“supernova” is another slower track with acoustic guitar and drums. The verses are very soft and acoustic, but BUMP OF CHICKEN betrays its identity as a pop group during the choruses, where layered vocals with the backing of many voices enter the scene. The end result is a great song that takes the mid-tempo tracks to the next level.

“Hammer Song to Itami no Tou” is a strong rock track with excellent vocal layering. What sets it apart from the other songs on the album? The track uses interesting elements, such as sampled clapping, to give it a unique feeling. And unlike many of the other tracks, the extro is a strong part of the song, mainly because this track leads into the riffs of “Jikuu Kakurenbo.”

These riffs fade out of the verses and bridges until the chorus, where the song explodes into rock. The rock is overpowering to the vocals, but certainly a nice contrast to the acoustic guitar of the rest of “Jikuu Kakurenbo.” The song climaxes well, and the melody is both memorable and epic. Ending softly, the song transitions well into the next mid-tempo track.

“Kasabuta Butabu” is the first mid-tempo song on the album to use rock guitar riffs throughout the song, replacing the acoustic guitar. The other notable feature of “Kasabuta Butabu” is the singing of a group of voices and the answering by the lead vocalist of BUMP OF CHICKEN. The vocals in the song are notably softer throughout, until the crescendo, where all the vocals merge into one powerful voice.

“Hana no Na” banks off of its vocals and melody; the song feels like it could have been done before a million times. However, BUMP OF CHICKEN does a good job of creating a track that expands throughout its long time. By the time the rock arrives, the melody is in the listeners head, and it makes those final choruses all the sweeter. The ending, while soft, is a nice touch.

“Hitorigoto” is another mid-tempo track that intermingles acoustic and harder rock. The rock choruses are notably better than the verses. Over all, the song is another fine addition to the album, just not great as many of the other tracks.
“Amedama no Uta” has no background vocal layering, and the instrumentation feels bare. This forces one towards the lead vocals, which are strong. Still, this song isn’t as powerful as the other mid-tempo song on the album.

“Hoshi no Tori reprise” is a nice, welcome breather from all of the powerful songs the album has thrown at the listener. But the respite is short-lived. Soon enough, rock riffs come back in with the rock track, “Karma.”

“Karma” is another strong upbeat rock song. The Japanese hook in the song is notably strong, and the melody of the chorus is memorable. The verses keep the pace of the chorus going, while taking a way a lot of the power. The bridges of the song perform well at bridging the gap between the very disparate choruses and verses. At risk of being repetitive, “Karma” ends quite quickly, leaving the listener wanting more.

“arrows” is a decent ballad. Out of all of the songs on the album, “arrows” probably feels the most different, because it is the most acoustic. The choruses sound familiar, however, mainly because they bring back a degree of the layering of the other songs on the “orbital period” album. This expression of diversity in their music is nice, especially since rock music can run the risk of sounding too repetitive, even with lyric and melodic changes. Nevertheless, the song could be stronger.

“Namida no Furusato” feels less pop and much more rock. The vocals edge on screechy rock at some points, but never scream (probably since BUMP OF CHICKEN is mainstream). The song is probably the most powerful mid-tempo rock song on the album and the most stylistic. It successfully keeps the momentum of the album going.

Another welcome interlude, “fly by,” uses acoustic guitar and that celestial “ding” of earlier interludes. It’s a nice lead-in to the final track, “BELIEVE,” if it can be called a track. It’s more of a statement of the album, of its character. There’s no music, and it begins with silence. “BELIEVE” can then be skipped, especially if you don’t understand Japanese.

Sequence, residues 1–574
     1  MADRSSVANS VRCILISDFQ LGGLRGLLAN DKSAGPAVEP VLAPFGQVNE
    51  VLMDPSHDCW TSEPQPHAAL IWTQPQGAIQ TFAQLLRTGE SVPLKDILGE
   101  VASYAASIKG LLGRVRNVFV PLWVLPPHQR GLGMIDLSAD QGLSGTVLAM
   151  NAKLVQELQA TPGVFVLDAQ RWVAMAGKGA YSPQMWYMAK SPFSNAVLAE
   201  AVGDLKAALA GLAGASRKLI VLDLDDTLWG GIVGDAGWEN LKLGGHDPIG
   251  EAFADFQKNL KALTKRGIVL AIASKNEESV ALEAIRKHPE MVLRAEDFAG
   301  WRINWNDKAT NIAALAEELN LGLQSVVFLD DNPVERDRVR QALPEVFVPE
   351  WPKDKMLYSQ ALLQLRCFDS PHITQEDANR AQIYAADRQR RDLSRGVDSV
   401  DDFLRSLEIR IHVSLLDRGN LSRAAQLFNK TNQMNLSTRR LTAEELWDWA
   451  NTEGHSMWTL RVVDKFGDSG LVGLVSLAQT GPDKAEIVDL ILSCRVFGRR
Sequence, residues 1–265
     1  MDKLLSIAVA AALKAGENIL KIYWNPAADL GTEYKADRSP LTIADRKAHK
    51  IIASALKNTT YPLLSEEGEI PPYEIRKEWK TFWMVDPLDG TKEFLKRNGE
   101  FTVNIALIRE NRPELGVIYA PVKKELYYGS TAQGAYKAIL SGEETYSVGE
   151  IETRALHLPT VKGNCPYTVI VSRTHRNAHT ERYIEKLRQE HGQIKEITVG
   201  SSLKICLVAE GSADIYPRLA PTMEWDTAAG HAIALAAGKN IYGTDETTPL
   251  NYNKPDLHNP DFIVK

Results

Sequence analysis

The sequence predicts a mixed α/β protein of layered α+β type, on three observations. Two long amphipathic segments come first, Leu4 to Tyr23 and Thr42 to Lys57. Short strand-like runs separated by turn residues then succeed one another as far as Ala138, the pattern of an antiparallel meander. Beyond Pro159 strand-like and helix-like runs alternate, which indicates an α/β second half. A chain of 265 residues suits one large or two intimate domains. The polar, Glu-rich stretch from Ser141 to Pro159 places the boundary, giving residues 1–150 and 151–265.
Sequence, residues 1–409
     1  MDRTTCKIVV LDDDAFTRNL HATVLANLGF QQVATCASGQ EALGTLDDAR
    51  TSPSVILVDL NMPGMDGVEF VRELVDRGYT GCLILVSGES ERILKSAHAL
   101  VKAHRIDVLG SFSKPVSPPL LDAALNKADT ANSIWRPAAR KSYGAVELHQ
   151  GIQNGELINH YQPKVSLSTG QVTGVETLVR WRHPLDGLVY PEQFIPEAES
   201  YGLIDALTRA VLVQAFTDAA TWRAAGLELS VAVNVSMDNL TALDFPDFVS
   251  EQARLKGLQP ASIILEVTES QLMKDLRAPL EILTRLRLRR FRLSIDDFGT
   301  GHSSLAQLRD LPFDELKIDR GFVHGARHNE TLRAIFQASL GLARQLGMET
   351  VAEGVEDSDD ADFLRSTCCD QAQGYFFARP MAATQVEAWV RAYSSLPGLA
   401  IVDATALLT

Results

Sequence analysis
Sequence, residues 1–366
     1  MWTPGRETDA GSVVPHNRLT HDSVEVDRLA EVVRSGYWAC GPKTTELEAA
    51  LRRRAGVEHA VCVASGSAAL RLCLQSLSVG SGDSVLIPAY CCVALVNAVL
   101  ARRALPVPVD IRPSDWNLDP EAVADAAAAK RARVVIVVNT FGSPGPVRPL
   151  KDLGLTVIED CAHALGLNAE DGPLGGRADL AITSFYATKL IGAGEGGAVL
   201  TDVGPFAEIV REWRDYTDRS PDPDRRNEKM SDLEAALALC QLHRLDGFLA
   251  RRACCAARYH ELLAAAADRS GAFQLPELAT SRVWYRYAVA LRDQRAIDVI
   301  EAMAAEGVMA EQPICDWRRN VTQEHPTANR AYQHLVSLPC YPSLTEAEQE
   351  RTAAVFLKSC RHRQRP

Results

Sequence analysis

It’s hard to find a fault with BUMP OF CHICKEN’s “orbital period” because its very well produced, well sung, and well-executed. The only complaint would be that the diversity of the tracks is minimal, which is mainly due to this groups constraint of rock. Considering their genre, they do well at changing things up, although the concentration of mid-tempo tracks is a bit much. This album contains many singles and well done album tracks; in the end, it succeeds at being a well-polished J-rock album that’s surprisingly mainstream.

93% A

[Single] SMAP – Dangan Fighter


1. Dangan Fighter
2. Christmas Night
3. Dangan Figter (Backing Track)
4. Christmas Night (Backing Track)

~Single Review~
This single was released on December 19, 2007 and peaked at number one on the Oricon daily charts. Unlike many other Johnny’s Entertainment releases, “Dangan Fighter” maintained consistent sales its second day, suggesting it may have a potentially long chart life.

“Dangan Fighter” is a very different song for SMAP to sing. The melody is very hard to find and not memorable at all, mainly because the instrumentals are very nontraditional and synth. There is always almost always a beat, but there is never a melody besides the tune that they’re singing. In the end, it doesn’t matter than “Dangan Fighter” has a catchy chorus with the hook “You’re got the power” or “Dangan Fighter-des.” The song ends up as average pop without a feeling a purpose, a definite sub-par A-side from SMAP, as their sales reflect.

“Christmas Night” feels much more traditional for a SMAP song, which is a definite plus. Download sales reflect this, as “Christmas Night” has almost equaled “Dangan Fighter” in download sales on Japan’s leading download store, Chaku-Uta. On the plus side, “Christmas Night” has a melody, even though it is not very memorable. The instrumentation is average, with a piano, guitar, and soft percussion. The bridge leads well into the chorus, which is the well-layered high-light of the song with vocals that push much harder than the rest of the song. Besides a nice, pleasant holiday tune, “Christmas Night” isn’t really much else.

After a stellar year in 2006, SMAP has released only one single in 2007, the lackluster “Dangan Fighter.” It should be noted that despite being well produced, the instrumentals are inadequate. Change is good, but not when it is detioration. SMAP can bank on their popularity carrying this single, but if they release more low-quality music, their sales may greatly suffer.

76% C